THE LEGEND OF A HERETIC

By FRANCIS WILKINSON From Nytimes.com/campaignstops Distributed by The New York Times Syndicate.) Both John McCain and Barack Obama have b...

By FRANCIS WILKINSON From Nytimes.com/campaignstops Distributed by The New York Times Syndicate.)

Both John McCain and Barack Obama have been peddling their spiritual wares lately. McCain recently made a high-profile pilgrimage to meet evangelist Billy Graham and his son Franklin, while that same week Obama endorsed the essence of President Bush’s faith-based service program. Now, both candidates have agreed to appear at a forum at the California megachurch of influential evangelical pastor Rick Warren.

White evangelical and born-again Christians account for nearly one-fourth of the electorate – a prize understandably worth fighting over. However, what we won’t see, yet again, this year is either candidate acknowledge – let alone pander to – the 16 percent of Americans categorized by the Pew Forum on Religion and Society as atheist, agnostic or free-range “nothing in particular.”

It seems American politicians scarcely think twice about sidling up to the religious fringe – McCain and Obama each has had the odd preacher in the attic. But, fearing the wrath of the righteous, they’d rather be struck by lightning than show a glimmer of respect for nonbelievers.

Their forebears on the campaign trail were not all so skittish. At the end of the 19th century, Robert Ingersoll was the most notorious heretic in the land, famous for his lectures debunking Christianity and the Bible. Yet Republicans – yes, the party of George W. Bush and the Rev. Pat Robertson – begged him to campaign in their behalf.

Campaign, he did. For more than two decades, Ingersoll barnstormed across the country drawing huge crowds, including one at an 1896 campaign appearance in Chicago for William McKinley that the Chicago Tribune claimed was 20,000 strong. Ingersoll was not merely a stage attraction but a confidant of Republican leaders – and a highly public one. In a masterful speech, he nominated Sen. James G. Blaine for president at the party’s 1876 convention in Cincinnati and nearly won Blaine the nomination. When Blaine lost the contest to Rutherford B. Hayes, Ingersoll stumped vigorously for Hayes in turn.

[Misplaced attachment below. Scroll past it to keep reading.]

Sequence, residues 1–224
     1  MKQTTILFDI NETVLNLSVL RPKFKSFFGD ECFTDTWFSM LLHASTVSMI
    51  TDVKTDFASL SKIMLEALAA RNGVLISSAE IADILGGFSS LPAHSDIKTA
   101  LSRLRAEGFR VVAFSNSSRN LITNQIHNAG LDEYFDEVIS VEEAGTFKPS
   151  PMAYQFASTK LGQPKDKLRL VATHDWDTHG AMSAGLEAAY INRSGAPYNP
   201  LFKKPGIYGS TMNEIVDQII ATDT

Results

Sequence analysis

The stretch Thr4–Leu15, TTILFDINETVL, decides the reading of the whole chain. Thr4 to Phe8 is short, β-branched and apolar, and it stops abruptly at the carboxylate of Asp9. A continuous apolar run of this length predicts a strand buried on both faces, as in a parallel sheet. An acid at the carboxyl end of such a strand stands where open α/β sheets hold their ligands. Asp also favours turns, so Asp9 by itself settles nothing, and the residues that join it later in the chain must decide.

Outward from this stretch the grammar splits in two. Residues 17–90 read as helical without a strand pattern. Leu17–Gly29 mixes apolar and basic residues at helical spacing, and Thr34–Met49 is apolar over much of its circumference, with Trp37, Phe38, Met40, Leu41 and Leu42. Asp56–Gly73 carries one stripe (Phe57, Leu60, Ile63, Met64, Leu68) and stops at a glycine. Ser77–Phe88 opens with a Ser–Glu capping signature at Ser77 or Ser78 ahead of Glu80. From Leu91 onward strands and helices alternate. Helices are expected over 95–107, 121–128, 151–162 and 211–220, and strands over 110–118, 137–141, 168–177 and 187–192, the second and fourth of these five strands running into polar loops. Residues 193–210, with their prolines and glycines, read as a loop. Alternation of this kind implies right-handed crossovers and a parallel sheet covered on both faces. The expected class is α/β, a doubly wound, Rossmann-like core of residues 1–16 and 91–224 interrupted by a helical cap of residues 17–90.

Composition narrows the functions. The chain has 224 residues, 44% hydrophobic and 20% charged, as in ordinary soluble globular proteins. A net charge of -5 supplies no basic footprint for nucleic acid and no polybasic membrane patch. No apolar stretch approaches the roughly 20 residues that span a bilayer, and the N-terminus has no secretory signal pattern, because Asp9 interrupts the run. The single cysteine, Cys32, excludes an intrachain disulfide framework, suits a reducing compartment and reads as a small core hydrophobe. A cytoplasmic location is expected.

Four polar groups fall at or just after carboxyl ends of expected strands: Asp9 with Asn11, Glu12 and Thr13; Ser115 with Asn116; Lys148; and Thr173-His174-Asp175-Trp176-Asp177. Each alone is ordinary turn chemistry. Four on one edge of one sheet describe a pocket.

Ingersoll’s lectures on religion – “Some Mistakes of Moses” was a typical title – left the pious apoplectic. Evangelicals considered his influence so pernicious that they organized a day of prayer for his conversion. (He thanked them for their concern but remained happily heretical.)

His pointed, often comical, impiety probably cost him a cabinet post or ambassadorship, but Ingersoll’s proximity to President Hayes and his Republican successors was nonetheless on open display; they didn’t reach for garlic and crucifixes when “Pope Bob” visited the White House.

Victorian America, that supposedly repressed, high-button era, not only tolerated Ingersoll, it celebrated him, rewarding him with respect and wealth and honors. Mark Twain called Ingersoll a “master,” and Walt Whitman described him as “a bright, magnificent constellation.”

But Ingersoll struck a chord that reverberated beyond the cultural elite. Tens of thousands of Americans, from Buffalo to New Orleans, paid money to listen, laugh and learn at the feet of the Great Agnostic, even if they didn’t share his views. Clerics were often spotted in the crowds.

Faith is a deep wellspring of American political tradition and practice. But the political class has reached a bipartisan consensus to honor that fact by muscling out other views and revising both past and present to suggest faith is the only wellspring.

Ingersoll, after all, was hardly the first doubting Thomas ever to have crossed the White House threshold. Thomas Jefferson produced his own, radically truncated, version of the Bible, in which miracles were absent. He described religion as a private matter in which the public had no right to “intermeddle.” In how many congressional districts today could a candidate of like mind stand for election and not be torn to pieces by the enforcers of public piety?

Looking back from this era in which political discourse is bound by religious strictures, Ingersoll’s legend seems not only distant but tall, as though he were a kind of Paul Bunyan of blasphemy. Today, no major politician would risk association with the brilliant and big-hearted Great Agnostic, whose oratory commanded the late 19th century stage like no other. Devoted father, husband, friend and patriot be damned. Piety trumps all.

(Francis Wilkinson is executive editor of The Week and theweekmagazine.com. He is a former communications consultant for corporations and Democratic campaigns.

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July 22, 2008
© The New York Times. All rights reserved. This article originally appeared in The New York Times.

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